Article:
BENGAL ASSEMBLY BLOOPER: Pop goes flash, top cop in a flap – Phone seized in Assembly, DGP says camera activated by mistake – Darjeeling SMS misfires for the 2 minute ruse later ?!!
FROM THE TELEGRAPH BUREAU
FORWARDED BY LAZY DAISY
Calcutta, July 22: Officers, better get your boss’s right number, if you are trying to alert him about a crisis or forward him an SMS joke before Friday morning.
Bengal director-general of police Bhupinder Singh’s Nokia E series mobile phone, the one he apparently finds indispensable because of the important numbers stored in it, was confiscated this afternoon in the Assembly.
All because the flash of the camera phone got activated “by mistake” at the inopportune but photogenic moment of MLAs rushing into the well of the Assembly this afternoon and gave him away.
So at least for one night, Singh will have to get used to staying connected through his other phone, a BlackBerry.
The police chief was in the Assembly on tour of duty. His boss Buddhadeb Bhattacharjee was to present the police budget and senior officers were expected to be at hand — in civvies — to help out in case any clarification was needed.
Unfortunately for Singh, the day began on a pugnacious note for the government and the Opposition. After a brawl over the chief minister’s comments on Mamata Banerjee’s demand for withdrawal of central forces from Maoist-hit areas, another was unfolding over the profound matter of the decline of communism in east Europe —– a topic raised by a Congress MLA.
Just when Congress MLAs rushed to the well to protest an interruption of their colleague by CPM legislators, pop went the flash of the camera phone in Singh’s hands.
The fleeting dazzle caught the eye of those present in the House, where mobile phones are not allowed by convention. Cameras are permitted only on special occasions at the Speaker’s discretion, unlike in Parliament where its two channels are allowed to broadcast proceedings.
The Congress MLAs then switched focus to the police chief, who was in the gallery behind where ministers sit. The chief minister was not in the House then.
An uproar erupted with the Congress MLAs demanding “immediate action” against Singh, who looked embarrassed with all the unwelcome attention he was attracting but remained seated.
A little later, the chief minister’s confidential assistant, Joydip Mukherjee, was seen talking to Singh, following which the police officer went out but returned after two minutes. What he did in those two minutes is not known.
Shortly after that, Speaker Hashim Abdul Halim came to the House and asked the government chief whip, Syed Mohammad Masih, to ask parliamentary affairs minister Sailen Sarkar to conduct an inquiry and send a report by tomorrow morning.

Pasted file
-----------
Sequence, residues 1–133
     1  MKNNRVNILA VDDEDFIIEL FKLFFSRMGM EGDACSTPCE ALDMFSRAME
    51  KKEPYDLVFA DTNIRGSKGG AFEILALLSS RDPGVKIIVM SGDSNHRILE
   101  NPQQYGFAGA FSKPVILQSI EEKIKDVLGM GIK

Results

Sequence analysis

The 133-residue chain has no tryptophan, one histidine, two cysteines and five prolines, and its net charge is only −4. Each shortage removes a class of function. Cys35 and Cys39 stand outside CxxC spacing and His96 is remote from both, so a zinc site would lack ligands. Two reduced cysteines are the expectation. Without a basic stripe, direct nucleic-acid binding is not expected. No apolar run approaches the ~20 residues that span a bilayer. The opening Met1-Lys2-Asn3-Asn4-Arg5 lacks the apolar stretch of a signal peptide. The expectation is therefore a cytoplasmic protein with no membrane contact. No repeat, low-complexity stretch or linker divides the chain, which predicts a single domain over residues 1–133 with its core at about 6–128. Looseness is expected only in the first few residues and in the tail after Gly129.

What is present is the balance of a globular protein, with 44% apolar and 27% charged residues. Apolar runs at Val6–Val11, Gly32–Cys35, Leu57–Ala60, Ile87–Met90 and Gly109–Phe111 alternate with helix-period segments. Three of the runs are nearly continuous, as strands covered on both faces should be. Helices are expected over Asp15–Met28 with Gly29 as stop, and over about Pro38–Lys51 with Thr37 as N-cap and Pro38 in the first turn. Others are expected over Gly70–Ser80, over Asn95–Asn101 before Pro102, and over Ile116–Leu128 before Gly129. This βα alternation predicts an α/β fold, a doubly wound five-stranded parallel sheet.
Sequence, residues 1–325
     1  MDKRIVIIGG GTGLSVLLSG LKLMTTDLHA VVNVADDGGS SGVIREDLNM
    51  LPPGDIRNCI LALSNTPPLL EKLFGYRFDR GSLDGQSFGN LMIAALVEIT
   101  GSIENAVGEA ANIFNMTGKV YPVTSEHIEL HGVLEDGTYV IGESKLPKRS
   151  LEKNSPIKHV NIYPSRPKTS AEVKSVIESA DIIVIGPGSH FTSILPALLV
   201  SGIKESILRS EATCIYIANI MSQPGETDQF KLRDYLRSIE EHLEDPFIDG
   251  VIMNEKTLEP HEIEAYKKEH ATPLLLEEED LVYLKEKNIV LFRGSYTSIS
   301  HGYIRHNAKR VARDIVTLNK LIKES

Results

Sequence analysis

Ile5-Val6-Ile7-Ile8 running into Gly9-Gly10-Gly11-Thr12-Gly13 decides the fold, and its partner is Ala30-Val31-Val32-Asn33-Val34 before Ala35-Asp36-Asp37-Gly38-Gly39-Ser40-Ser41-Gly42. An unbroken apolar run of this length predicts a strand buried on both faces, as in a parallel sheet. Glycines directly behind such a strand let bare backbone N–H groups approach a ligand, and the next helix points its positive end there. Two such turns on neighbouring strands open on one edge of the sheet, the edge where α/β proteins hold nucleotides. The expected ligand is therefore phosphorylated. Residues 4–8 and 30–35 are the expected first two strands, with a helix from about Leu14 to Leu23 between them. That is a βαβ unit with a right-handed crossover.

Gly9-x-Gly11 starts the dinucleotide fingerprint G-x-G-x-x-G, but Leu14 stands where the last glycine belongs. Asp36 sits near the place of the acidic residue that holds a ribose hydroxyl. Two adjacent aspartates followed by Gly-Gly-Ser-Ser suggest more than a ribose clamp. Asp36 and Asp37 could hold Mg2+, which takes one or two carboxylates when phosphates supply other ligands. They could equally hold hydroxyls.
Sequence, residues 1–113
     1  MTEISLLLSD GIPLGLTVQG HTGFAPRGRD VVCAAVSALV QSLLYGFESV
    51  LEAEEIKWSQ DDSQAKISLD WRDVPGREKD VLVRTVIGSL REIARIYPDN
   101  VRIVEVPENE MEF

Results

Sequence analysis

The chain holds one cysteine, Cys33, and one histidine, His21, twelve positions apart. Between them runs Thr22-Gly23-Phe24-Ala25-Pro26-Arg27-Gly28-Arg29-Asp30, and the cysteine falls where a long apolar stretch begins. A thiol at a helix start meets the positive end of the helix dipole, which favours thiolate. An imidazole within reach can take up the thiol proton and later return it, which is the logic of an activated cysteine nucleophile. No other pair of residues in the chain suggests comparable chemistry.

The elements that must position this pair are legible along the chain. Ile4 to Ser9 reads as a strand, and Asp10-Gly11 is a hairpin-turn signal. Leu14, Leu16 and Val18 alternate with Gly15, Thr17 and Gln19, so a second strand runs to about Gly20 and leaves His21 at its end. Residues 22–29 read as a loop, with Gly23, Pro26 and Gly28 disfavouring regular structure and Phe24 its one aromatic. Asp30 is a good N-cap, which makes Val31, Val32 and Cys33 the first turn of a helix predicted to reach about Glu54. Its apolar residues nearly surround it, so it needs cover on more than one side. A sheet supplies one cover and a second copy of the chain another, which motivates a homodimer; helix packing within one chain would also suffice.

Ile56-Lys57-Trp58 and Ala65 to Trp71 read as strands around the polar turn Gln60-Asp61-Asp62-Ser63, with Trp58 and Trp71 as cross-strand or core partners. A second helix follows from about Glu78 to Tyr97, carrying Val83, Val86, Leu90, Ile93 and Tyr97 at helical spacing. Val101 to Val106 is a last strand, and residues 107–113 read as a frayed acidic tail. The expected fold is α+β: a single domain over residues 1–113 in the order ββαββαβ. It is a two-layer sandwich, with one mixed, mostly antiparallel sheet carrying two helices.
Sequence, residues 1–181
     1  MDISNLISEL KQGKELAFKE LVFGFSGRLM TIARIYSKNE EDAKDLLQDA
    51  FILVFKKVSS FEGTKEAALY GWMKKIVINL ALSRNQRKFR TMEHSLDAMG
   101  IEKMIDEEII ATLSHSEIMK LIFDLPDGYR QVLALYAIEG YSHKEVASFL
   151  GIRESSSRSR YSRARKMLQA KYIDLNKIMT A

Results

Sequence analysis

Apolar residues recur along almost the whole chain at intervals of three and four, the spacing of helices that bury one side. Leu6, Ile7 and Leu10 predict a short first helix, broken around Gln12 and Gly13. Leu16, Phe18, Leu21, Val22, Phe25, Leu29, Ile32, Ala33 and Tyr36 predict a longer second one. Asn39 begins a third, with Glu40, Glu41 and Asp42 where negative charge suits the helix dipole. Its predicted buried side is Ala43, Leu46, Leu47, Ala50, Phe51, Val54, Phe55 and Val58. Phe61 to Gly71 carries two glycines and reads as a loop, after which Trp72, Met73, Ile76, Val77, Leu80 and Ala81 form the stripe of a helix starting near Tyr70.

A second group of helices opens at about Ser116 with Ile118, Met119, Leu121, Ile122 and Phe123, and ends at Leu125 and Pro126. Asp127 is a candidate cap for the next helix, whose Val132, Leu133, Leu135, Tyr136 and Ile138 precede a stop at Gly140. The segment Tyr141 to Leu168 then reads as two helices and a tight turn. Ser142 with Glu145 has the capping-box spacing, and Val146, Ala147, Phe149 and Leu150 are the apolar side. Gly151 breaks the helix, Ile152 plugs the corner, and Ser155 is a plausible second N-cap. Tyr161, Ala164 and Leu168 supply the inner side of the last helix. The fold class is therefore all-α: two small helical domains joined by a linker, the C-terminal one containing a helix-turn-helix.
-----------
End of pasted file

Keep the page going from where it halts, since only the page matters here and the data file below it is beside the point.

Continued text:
Later, Halim told the House: “There has been an incident of somebody taking pictures of the House proceedings. This is in violation of the established rules of the House. Nobody can enter the House with mobiles. The mobile has been confiscated and it’s currently in my possession. I will examine it, pass my ruling tomorrow and then allow members of the House to raise questions.’’
By then, the Congress legislators had walked out in protest and Singh was called by the chief minister to his Assembly chamber.
According to a CPM MLA, Singh told Bhattacharjee that he had no intention of taking pictures but it had happened inadvertently.
Singh later met the Speaker in the latter’s chamber and told him that he was trying to go through a text message but had mistakenly pushed the camera button, a source said.
“But the Speaker told the DGP that the camera and message buttons are different. The Speaker asked him to deposit his mobile with the Assembly. At this, Singh pleaded with the Speaker that some very important telephone numbers and information were stored in his mobile and it would be difficult for him to operate without it. But the Speaker said he should wait at least till tomorrow morning,” the source added.
Singh went to the parliamentary affairs minister’s chamber, spoke to him for a while and handed over his mobile, which was passed on to the Speaker.
Asked whether the camera was activated by mistake, Singh replied: “What else can it be?’’ He did not want to comment further as the matter was in the House.
Later in the evening, Singh said: “My phone is a Nokia E series. It is feather touch. Actually at that time, an SMS was coming in from Darjeeling saying the strike in the hills had been postponed. So I was trying to read it. But my finger accidentally fell on a button that activated the camera. But it was a mistake on my part.”
The Gorkha Janmukti Morcha had indeed made such an announcement in the hills in the afternoon.
But if the police chief’s subordinates need to keep him abreast of such developments before the fate of the seized phone is settled, they will have to send it to his BlackBerry.
There is no codified law against cellphones in the House but the ban is a convention.
According to an Assembly official, Singh may be censured by the Speaker and asked to tender an apology. Two years ago, the mobile phones of two MLAs were seized for talking inside the House. The phones were returned later.